Cambridge has recently acquired a new shopping centre: the Grand Arcade (15), and chain stores have flocked in, but the narrow streets which wind away from the Market Square (3) are still lined with some independent boutiques.

An aperitif

Cambridge is packed with historic pubs, but the Eagle (16) at 8 Bene't Street (01223 505020) is particularly worth a visit. It was here that Crick and Watson announced their discovery of the form of DNA, and the rear RAF bar has graffiti burnt on to the ceiling that dates back from the Second World War.

If you prefer the sparkle of modern cocktail bars, head to Ta Bouche (17) in Market Passage for an interesting drinks menu, lively music and a glamorous crowd.

Dining with the locals

Alimentum (18), south of the centre at 152 Hills Road (01223 413000; restaurantalimentum.co.uk) is an award-winning addition to the city's restaurants, with original dishes sourced as ethically as possible. Try roasted duck breast with sweet potato, hazelnut and grapefruit, followed by an astonishing dessert: smoked milk jam mousse with caramel and honeycomb, served in a smoke-filled Kilner jar. Dining is far more affordable if you can take advantage of the early-bird's set menu at 18.50 for three courses, served before 7pm.

A popular option is Anatolia (19) at 30 Bridge Street (01223 362372; anatolia-cuisine.co.uk), a Middle Eastern spot with an indoor barbecue giving off mouth-watering smells to draw in hungry crowds. A set feast of meze and grilled meats costs 21.95 with a pastry and coffee to finish.

Day Two

Sunday morning: go to church

The stunning King's College Chapel (10) (01223 331250; kings.cam.ac.uk) and its choir offer a choral Eucharist service at 10.30am on Sundays in term time (with Evensong an alternative at 3.30pm), open free to the public. The building, facing the River Cam in one direction, and King's Parade in the other, was commissioned by Henry VI in the first half of the 15th century, and took nearly a century to complete.

Out to brunch

Clowns Caf (20) at number 54 on trendy King Street (01223 355711), serves delicious comfort food under its humble roof. The Italian owners offer a warm welcome, matching the cheery clown pictures covering the walls drawn by the equally happy customers. It opens 8am-11pm daily. The adventurous might like to wander south-east from the centre along bohemian Mill Road to find a gem of a caf, the Black Cat (21) at 2 The Broadway where you can indulge in French toast, maple syrup, fruit salad and delicious coffee blended on the premises; it opens from 9.30am on Sundays.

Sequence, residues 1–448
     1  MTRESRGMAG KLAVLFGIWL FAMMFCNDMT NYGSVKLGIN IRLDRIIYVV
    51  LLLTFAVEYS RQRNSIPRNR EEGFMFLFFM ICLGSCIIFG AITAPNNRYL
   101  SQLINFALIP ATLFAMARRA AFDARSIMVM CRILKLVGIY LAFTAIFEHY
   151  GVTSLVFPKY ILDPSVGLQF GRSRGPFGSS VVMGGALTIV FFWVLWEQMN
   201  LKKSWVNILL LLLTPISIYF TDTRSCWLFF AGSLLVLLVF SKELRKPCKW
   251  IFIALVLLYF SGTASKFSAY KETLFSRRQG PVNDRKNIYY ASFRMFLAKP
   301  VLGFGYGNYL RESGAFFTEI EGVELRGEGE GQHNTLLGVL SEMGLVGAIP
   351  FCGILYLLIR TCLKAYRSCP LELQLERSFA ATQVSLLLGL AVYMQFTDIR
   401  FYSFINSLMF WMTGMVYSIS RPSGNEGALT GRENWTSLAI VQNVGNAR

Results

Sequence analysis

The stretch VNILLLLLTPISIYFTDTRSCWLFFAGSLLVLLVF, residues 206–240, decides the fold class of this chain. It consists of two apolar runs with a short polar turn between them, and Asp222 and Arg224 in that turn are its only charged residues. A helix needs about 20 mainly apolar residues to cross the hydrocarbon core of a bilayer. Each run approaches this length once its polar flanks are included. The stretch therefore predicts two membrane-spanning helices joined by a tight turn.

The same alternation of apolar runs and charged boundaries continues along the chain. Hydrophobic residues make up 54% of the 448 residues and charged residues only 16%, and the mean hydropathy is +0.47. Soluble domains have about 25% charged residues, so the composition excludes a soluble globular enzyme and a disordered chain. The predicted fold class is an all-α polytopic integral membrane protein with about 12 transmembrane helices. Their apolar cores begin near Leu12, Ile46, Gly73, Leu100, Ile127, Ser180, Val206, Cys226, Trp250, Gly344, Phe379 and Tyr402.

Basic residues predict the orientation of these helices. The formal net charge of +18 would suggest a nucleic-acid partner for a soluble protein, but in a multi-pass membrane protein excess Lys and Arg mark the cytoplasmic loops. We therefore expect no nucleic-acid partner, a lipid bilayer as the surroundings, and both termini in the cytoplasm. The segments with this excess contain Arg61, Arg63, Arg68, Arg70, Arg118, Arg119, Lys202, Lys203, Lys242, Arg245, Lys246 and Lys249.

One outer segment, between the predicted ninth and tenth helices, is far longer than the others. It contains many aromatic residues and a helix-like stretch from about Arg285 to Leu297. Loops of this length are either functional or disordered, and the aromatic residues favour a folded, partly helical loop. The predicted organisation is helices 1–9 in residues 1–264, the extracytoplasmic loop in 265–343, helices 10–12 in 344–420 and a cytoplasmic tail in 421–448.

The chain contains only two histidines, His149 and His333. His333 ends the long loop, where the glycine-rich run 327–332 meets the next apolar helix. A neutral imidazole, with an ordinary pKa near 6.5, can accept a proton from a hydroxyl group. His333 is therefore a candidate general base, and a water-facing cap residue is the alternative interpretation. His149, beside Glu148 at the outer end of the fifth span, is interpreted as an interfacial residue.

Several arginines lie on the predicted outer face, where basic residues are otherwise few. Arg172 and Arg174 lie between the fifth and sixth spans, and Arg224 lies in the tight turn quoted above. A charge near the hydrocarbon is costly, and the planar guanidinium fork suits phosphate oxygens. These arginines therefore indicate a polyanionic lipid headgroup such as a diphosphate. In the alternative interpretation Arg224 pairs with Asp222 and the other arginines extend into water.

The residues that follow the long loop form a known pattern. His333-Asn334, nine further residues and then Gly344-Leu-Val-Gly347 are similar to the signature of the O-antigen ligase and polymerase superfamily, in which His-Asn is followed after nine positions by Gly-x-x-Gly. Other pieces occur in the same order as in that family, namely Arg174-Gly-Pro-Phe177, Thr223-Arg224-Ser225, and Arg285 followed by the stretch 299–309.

A walk in the park

Midsummer Common, grazed by Red Poll cattle, and Jesus Green are perfect for a riverside stroll and for admiring the coxes who weave their boat crews past the barges. These open spaces that contribute so much to Cambridge's character lie on either side of Victoria Avenue, which runs to the north of the city. Most college grounds (some charge admission) are open to the public who can amble through Gothic arches and spot famous trees, including Milton's mulberry in Christ's (22) and a descendant of Newton's apple tree in Trinity (13). Walking on the grass is strictly forbidden, and visitors are kept under surveillance by vigilant college porters.

Cultural afternoon

The Fitzwilliam Museum (23) has a nationally important collection of fine art (01223 332900; fitzmuseum.cam.ac.uk), open noon-5pm on Sundays, 10am-5pm Tuesday-Saturday, admission free. Even the Botanic Garden (29) in the south of the city (01223 336265; botanic.cam.ac.uk) is joining in with the evolutionary theme, with Plants That Bite Back, a celebration of Darwin's life-long studies into carnivorous plants (open 10am-4pm in winter, 4 entry).

Murray Edwards College (24) on Huntingdon Road (01223 762297; www.art. newhall.cam.ac.uk), open 10am-6pm daily, has one of the world's largest collections of women's contemporary art.

Take a ride

Hop aboard a punt on the uncrowded river in winter to enjoy the tranquillity of floating under the willows without the summer problem of noisy tourists jousting with punt-poles. The river affords some of the best views of the colleges and grounds, and the intricate footbridges which join the banks. Scudamore's (01223 359750; scudamores.com) offers self-hire punts from Quayside (8) or Mill Lane (25) for 18 an hour, or chauffeured tours from 12 per person, with more adventurous options such as treasure hunts and ghost tours.